The HLRM in Colombia may offer learning opportunities for other countries that are considering such a mechanism and it will be interesting to track the evolution of these tools and their acceptance and effectiveness. The animation below provides an example of the Colombia HLRM in action.

The Ukrainian Anti-Corruption Initiative

Website: Business Ombudsman Council

During a meeting in early 2013 between the President of the European Bank for Reconstruction and Development (EBRD) and the President of Ukraine, it was agreed that measures should be taken to tackle corruption issues in Ukraine, in particular where business and investment are hampered. The EBRD therefore mandated the Basel Institute on Governance to develop a mechanism to address unfair business practices in order to improve the overall business climate, as well as the prospects for foreign investment into the country. The outcome was the development of a Memorandum of Understanding (MoU) which establishes the Anti-Corruption Initiative. Due to technical reasons and unrest in the country, the originally-planned November 2013 signing was delayed, however the process was taken up again with vigour by the new Government and signed in May 2014 by the Ukrainian Government, business associations and international financial institutions, including the EBRD.

The Memorandum outlines the roles and responsibilities of a new independent Business Ombudsman Institution that will serve as a first point of contact for businesses enabling them to lodge complaints arising from unfair treatment or issues of corruption. This independent and independently funded position is the first of its kind in Ukraine. Apart from the Business Ombudsman, the Institution will also include two deputies, and together they will seek to determine the principal causes of corruption and provide this information to the wider public and appropriate authorities in government through the use of public reports. Whilst the Business Ombudsman Institution is not a law enforcement agency, and has no criminal investigation powers, it will transmit criminal matters to the relevant authorities. The agreement also outlines obligations for the other signatory parties, including the government, creating a Group of Parties that shares responsibility for the implementation of the MoU and the governance of the newly formed Institution.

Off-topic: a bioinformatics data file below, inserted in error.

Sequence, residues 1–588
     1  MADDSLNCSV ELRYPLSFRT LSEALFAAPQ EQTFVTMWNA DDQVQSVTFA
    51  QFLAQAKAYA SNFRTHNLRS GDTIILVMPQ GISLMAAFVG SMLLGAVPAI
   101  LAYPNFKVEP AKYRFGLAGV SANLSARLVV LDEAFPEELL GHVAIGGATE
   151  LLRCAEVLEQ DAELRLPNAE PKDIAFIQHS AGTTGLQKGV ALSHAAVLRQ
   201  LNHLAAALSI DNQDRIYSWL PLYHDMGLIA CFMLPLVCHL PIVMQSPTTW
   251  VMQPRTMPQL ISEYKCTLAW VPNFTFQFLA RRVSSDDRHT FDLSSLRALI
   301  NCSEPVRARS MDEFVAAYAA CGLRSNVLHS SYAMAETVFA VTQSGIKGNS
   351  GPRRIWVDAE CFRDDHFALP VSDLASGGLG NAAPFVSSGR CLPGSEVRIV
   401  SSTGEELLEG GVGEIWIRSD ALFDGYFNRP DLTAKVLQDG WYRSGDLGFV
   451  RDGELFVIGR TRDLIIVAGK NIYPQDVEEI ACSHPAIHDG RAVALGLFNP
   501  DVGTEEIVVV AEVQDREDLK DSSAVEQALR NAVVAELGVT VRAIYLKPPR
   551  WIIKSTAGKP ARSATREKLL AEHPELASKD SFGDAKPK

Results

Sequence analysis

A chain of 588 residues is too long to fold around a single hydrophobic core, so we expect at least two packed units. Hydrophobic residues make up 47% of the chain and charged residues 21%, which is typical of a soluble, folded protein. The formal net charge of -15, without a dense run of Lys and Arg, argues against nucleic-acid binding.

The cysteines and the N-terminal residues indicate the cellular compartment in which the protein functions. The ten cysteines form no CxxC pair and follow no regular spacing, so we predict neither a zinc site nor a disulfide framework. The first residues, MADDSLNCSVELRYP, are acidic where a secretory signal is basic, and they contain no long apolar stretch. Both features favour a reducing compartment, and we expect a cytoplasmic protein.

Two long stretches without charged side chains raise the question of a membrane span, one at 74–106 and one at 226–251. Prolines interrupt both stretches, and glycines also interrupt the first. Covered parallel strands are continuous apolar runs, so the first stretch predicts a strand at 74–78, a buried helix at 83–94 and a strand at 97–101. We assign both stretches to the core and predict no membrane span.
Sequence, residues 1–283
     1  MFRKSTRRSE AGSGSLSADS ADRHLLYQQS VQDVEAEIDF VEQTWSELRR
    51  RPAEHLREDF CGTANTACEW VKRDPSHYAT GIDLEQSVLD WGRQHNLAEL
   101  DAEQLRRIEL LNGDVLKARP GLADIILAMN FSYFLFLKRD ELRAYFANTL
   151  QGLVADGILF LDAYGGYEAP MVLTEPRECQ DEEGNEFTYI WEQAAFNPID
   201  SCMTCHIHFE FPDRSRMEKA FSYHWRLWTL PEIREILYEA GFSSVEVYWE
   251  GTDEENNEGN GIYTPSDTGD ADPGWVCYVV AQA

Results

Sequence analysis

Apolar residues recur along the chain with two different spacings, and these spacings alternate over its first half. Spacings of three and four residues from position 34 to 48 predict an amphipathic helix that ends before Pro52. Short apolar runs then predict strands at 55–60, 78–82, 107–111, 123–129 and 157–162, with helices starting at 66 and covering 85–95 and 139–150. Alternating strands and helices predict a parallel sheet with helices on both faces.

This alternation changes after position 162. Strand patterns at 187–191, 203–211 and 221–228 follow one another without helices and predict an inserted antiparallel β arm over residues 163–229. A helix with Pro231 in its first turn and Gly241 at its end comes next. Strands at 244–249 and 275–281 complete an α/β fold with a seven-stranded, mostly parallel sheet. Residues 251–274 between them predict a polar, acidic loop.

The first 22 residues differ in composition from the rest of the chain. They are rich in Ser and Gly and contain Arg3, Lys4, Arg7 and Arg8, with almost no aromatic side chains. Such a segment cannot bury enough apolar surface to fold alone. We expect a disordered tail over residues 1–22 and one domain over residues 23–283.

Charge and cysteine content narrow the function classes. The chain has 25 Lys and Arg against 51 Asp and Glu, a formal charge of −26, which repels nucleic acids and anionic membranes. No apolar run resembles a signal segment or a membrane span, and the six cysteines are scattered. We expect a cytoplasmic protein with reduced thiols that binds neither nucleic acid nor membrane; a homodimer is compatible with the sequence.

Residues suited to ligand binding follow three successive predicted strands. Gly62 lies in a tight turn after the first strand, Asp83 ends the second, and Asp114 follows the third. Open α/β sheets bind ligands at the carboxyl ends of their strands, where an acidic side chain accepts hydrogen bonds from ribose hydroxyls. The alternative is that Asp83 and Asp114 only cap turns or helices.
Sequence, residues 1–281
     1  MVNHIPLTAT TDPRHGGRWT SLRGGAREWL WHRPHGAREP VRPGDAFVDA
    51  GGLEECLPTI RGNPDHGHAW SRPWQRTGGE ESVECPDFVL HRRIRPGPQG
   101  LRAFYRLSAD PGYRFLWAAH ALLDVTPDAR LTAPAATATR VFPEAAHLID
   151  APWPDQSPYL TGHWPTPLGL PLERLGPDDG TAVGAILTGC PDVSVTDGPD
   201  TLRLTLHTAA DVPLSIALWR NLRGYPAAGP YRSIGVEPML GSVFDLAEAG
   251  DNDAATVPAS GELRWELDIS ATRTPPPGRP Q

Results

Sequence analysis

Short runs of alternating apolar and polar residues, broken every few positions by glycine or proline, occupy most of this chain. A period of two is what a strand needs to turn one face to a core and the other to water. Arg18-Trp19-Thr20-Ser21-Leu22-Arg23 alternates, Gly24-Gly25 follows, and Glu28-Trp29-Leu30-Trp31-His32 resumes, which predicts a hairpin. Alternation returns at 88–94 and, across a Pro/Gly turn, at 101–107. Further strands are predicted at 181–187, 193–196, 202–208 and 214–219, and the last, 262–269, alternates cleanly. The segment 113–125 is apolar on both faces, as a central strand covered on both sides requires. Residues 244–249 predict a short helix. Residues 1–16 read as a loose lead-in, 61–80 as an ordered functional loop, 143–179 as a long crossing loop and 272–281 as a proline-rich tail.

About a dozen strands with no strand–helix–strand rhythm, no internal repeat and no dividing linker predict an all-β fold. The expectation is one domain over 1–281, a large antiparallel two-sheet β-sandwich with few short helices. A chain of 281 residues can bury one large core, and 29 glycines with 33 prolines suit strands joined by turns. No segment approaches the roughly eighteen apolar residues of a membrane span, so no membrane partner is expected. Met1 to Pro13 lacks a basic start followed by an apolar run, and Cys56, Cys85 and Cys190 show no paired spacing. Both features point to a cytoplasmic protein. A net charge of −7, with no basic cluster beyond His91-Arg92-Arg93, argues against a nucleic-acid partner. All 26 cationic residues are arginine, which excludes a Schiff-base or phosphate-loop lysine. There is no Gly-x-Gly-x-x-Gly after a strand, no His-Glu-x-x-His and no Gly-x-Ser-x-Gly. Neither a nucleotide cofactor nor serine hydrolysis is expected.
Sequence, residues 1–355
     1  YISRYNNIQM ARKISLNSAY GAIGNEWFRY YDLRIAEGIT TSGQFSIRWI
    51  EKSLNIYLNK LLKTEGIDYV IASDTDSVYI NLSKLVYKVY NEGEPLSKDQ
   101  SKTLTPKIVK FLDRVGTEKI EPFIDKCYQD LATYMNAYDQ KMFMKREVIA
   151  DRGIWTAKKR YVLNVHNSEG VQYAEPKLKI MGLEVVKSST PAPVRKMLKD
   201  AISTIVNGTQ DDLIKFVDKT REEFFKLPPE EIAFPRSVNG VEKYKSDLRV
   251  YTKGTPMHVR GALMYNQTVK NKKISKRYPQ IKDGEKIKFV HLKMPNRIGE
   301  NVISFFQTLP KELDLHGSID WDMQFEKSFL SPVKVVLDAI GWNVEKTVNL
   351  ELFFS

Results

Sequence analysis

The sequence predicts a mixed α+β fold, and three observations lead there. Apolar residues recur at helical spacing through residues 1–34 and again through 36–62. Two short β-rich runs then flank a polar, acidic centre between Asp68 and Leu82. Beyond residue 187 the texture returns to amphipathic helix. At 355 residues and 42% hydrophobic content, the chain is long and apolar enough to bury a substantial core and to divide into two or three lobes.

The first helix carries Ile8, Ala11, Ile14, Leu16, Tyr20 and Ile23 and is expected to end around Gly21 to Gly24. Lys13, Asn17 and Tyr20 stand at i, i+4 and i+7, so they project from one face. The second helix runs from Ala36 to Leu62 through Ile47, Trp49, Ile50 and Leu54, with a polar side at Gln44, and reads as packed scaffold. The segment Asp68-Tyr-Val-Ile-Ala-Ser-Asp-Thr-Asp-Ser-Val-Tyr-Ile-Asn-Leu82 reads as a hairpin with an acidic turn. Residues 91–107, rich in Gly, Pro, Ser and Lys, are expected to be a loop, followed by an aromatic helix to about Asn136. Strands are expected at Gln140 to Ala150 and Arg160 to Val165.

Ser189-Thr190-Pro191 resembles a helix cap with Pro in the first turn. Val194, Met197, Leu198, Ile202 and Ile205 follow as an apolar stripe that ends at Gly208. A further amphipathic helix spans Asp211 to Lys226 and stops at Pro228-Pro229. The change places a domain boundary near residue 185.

For a report on the signing of the MoU please visit: http://www.ebrd.com/news/2014/ukraine-and-ebrd-launch-initiative-to-combat-corruption.html

HLRM in the Health Sector in Panama

The Government of Panama jointly with the Basel Institute on Governance established the country’s first High Level Reporting Mechanism (HLRM) in March 2016. When it starts operating in May 2016, it will allow businesses bidding to provide medical equipment and undertake constructions of the Social Insurance Fund (CSS) to file a grievance or complaint with the Corruption Prevention Secretariat (SEPRECO) in relation to potential unfair practices and bribery. The SEPRECO will then prepare timely reports and recommendations for fair resolution of any concerns. When necessary, the HLRM will employ the services of an ad-hoc Expert Committee involving representatives of civil society, private sector and health public procurement expertise to provide further technical assistance. The first pilot of the HLRM will be managed under the auspices of the National Authority of Transparency and Access to Information (ANTAI).

The HLRM in Panama is the third such mechanism, drawing on the examples established in Colombia and Ukraine. Representatives from the Basel Institute’s International Centre for Collective Action worked with ANTAI throughout 2015 on the development of the HLRM, including through consultations with representatives from the Panamanian business community, civil society and other government institutions.  Funding support for this endeavour was received from the UK Foreign & Commonwealth Office (Panama) and the Siemens Integrity Initiative.